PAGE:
Together with Gikandi, we started a conversation on how to hail Ngugi at 80. We engaged in a project that would probe further and go beyond the everyday image of Ngugi. We invited reflections from those who have been witnesses to Ngugi’s multiple levels of formation and transformation.
What we have put together, Ngugi: Reflections on His Life of Writing, is a multifaceted collection of essays which, as we note in the preface, present “Ngugi’s role outside the academy in the world of education, the mass media, community theater, and activism, places where we have encountered him many times.”
This volume serves an important historical and political role. Political because Ngugi was for a long period demonized as a dissident intellectual and a firewall was erected with the intention to conceal the ideals that he stood for, and suffered for it. Historical because the essays are a call to resist selfish political quests to arrest and control the past and its meaning.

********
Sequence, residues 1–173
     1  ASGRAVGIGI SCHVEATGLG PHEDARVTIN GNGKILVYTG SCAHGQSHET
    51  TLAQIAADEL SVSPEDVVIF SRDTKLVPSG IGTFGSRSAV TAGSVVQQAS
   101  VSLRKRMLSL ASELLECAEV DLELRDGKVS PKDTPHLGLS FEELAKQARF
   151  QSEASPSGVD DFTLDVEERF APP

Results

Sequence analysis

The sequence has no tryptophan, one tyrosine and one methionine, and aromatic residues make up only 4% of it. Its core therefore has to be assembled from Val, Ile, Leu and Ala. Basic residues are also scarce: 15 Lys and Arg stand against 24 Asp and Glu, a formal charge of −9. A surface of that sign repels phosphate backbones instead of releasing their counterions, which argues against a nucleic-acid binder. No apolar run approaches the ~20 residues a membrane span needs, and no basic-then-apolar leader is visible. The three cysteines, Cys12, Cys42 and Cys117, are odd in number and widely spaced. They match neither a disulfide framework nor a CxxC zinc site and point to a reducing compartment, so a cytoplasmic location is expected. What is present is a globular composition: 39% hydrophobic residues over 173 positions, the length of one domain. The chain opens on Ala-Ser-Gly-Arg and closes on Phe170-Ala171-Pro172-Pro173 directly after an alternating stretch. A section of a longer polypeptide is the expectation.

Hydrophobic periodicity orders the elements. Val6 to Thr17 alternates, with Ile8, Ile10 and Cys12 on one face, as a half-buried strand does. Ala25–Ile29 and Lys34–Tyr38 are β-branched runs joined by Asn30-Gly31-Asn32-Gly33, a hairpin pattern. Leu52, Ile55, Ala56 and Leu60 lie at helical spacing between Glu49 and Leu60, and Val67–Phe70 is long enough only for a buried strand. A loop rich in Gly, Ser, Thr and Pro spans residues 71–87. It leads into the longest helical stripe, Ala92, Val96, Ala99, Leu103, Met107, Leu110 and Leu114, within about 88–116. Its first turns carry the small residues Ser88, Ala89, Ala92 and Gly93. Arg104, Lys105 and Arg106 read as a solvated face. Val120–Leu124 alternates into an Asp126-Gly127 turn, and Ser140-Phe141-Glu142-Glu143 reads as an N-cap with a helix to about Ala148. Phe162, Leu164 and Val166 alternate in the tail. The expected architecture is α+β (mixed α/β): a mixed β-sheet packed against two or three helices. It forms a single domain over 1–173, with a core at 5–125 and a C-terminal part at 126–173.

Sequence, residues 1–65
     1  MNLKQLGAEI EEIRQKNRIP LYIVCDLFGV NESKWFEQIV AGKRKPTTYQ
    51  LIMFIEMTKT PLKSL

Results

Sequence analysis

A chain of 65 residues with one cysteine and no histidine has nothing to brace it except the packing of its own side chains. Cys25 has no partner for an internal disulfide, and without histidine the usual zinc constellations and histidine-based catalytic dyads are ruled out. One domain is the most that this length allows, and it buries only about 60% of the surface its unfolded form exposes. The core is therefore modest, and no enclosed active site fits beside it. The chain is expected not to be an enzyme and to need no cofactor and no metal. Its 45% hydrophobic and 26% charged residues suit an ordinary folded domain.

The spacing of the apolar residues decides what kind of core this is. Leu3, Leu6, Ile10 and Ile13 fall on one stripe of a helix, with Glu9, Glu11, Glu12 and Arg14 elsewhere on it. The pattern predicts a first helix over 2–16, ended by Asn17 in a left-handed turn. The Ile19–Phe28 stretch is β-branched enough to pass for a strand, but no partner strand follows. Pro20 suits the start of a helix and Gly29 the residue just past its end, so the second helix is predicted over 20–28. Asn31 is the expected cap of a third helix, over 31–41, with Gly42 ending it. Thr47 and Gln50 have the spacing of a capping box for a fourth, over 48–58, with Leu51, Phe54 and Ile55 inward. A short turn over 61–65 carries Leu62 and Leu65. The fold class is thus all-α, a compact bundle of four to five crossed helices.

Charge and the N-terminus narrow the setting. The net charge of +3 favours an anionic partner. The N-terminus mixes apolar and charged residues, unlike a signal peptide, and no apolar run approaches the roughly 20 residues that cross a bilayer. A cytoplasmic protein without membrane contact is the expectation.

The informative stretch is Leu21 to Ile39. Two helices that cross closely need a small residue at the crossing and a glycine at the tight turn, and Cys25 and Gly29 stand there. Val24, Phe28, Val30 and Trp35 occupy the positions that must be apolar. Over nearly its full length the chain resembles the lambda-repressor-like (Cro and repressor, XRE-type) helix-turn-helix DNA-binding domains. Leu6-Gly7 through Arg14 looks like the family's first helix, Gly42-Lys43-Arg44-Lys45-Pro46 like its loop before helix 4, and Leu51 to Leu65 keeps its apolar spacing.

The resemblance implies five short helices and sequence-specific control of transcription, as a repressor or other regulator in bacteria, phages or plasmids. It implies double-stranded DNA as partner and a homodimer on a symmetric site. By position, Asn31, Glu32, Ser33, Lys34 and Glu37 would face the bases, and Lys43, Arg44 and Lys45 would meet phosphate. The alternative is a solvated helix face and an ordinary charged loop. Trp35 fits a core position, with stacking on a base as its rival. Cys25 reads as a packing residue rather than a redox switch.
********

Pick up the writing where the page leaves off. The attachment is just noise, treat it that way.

Ndirangu Wachanga is Professor of Media Studies and Information Science at the University of Wisconsin. He is also the authorized documentary biographer of Professors Ali A. Mazrui, Ngugi wa Thiong’o, Micere Mugo, Willy Mutunga and Henry Chakava.
This article by Ndirangu Wachanga was originally featured on the African Griot. If you would like to subscribe to out biannual newsletter covering all aspects of African Study, exclusive discounts, latest publications, brochures and more then please don’t hesitate to sign-up here.